1998 Conference Proceedings

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Kimberley M. Erickson M.S.
Jefferson County Public Schools School
Medicaid Program
202 Kipling Building #3
Lakewood, CO 80026
Voice (303) 239-6075
E-Mail: kmericks@jeffco.k12.co.us

The awareness of assistive technology for individuals with disabilities has steadily increased over the last ten years by human service professionals. People with disabilities, family members and human service professionals have come to realize the benefits of assistive technology. Still many devices remain expensive and funding for the devices seem to be a major barrier. Some state agencies and programs have been embracing funding for this new technology, while others have been denying these services to their customers. This presentation will focus on the rights and responsibility for funding assistive technology through Medicaid. First you must understand who is eligible for Medicaid and how to utilize the definitions to support the request for funding assistive technology.

The definition for assistive technology devices and services are as follows:

Assistive technology device is "any piece of equipment or product system whether acquired commercially or off the shelf, modified, or customized that is used to increase, maintain or improve functional capabilities of individuals with disabilities."

Assistive technology services is "any service that directly assists an individual with a disability in the selection, acquisition, or use of an assistive technology device including evaluation, purchasing or leasing, selecting, designing, fitting, customizing, maintaining, repairing, coordination with other services and therapies, and training or technical assistance."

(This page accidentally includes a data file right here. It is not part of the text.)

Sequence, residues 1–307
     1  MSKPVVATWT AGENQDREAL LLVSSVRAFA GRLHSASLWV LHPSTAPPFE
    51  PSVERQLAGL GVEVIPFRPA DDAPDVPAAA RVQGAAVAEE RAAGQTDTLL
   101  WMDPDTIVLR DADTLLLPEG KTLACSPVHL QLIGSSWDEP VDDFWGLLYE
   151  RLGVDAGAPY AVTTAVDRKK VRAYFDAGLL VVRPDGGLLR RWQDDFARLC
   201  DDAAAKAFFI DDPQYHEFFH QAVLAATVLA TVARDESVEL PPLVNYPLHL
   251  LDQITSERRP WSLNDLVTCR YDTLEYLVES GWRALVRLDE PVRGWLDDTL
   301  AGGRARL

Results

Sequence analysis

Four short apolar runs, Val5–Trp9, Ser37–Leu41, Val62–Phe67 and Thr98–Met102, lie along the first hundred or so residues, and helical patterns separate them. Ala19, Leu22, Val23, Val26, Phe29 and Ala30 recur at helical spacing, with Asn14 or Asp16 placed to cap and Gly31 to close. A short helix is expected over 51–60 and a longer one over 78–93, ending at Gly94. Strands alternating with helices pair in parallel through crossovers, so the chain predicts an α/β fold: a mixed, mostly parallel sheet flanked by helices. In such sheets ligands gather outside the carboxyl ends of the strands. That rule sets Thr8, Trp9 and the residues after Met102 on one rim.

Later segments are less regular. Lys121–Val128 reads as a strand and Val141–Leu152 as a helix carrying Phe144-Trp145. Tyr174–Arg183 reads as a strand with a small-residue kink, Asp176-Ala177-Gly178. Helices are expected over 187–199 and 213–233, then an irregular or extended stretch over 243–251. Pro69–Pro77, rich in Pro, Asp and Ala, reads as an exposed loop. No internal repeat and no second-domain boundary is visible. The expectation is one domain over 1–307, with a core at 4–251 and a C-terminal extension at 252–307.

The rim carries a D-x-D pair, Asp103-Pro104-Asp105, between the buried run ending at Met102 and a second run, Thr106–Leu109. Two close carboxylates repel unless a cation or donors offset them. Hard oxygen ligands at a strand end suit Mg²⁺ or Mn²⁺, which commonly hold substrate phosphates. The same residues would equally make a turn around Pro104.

The purpose of Medicaid is "To enable states, as far as practicable under the conditions in such state, to furnish: 1) Medical assistance for eligible individuals; and 2) Rehabilitation and other services for independence or self care" (42 U.S.C. Section 1369) Most state Medicaid programs do not use the definition for assistive technology, therefore you must be familiar with the definitions of rehabilitation services, prosthetic, devices, and durable medical equipment.

Medicaid Eligibility

Each state has discretion in determining which groups their Medicaid programs will cover and the financial criteria for Medicaid eligibility. For a state to be eligible for federal funds, they must provide Medicaid coverage for most individuals who receive federally assisted income maintenance payments.

"Categorically needy" includes recipients of Aid to Families with Dependent Children (AFDC),

Supplemental Security Income (SSI), recipients of adoption assistance and foster care, infants born to Medicaid-eligible pregnant women and other similar programs determined by the State.

"Medically needy" is an optional program that allows States to extend Medicaid eligibility to additional qualified persons who may have too much income to qualify under the mandatory or optional categorically needy groups. It allows individuals to spend down income for medical and/or remedial care expenses to qualify for Medicaid.